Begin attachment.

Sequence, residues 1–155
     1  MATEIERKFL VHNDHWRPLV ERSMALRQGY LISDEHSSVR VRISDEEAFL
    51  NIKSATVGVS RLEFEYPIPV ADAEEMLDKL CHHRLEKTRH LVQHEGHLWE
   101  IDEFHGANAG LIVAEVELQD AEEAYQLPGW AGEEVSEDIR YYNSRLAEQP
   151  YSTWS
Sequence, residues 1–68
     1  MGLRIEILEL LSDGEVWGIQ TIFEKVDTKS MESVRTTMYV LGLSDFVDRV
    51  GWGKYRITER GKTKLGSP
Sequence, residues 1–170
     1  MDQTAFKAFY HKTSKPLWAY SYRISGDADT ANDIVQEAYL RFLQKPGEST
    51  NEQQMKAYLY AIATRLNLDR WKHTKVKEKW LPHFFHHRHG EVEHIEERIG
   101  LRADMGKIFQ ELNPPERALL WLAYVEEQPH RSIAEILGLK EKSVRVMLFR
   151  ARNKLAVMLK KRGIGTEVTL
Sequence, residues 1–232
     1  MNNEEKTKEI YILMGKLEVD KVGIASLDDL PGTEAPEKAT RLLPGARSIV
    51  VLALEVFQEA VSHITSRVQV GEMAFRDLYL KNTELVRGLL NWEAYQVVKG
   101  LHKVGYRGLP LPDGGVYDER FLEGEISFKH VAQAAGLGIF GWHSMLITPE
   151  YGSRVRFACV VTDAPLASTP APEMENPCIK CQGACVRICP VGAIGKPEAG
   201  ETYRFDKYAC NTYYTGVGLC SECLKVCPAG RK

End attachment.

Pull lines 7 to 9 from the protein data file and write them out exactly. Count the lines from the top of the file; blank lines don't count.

     1  MGLRIEILEL LSDGEVWGIQ TIFEKVDTKS MESVRTTMYV LGLSDFVDRV
    51  GWGKYRITER GKTKLGSP
Sequence, residues 1–170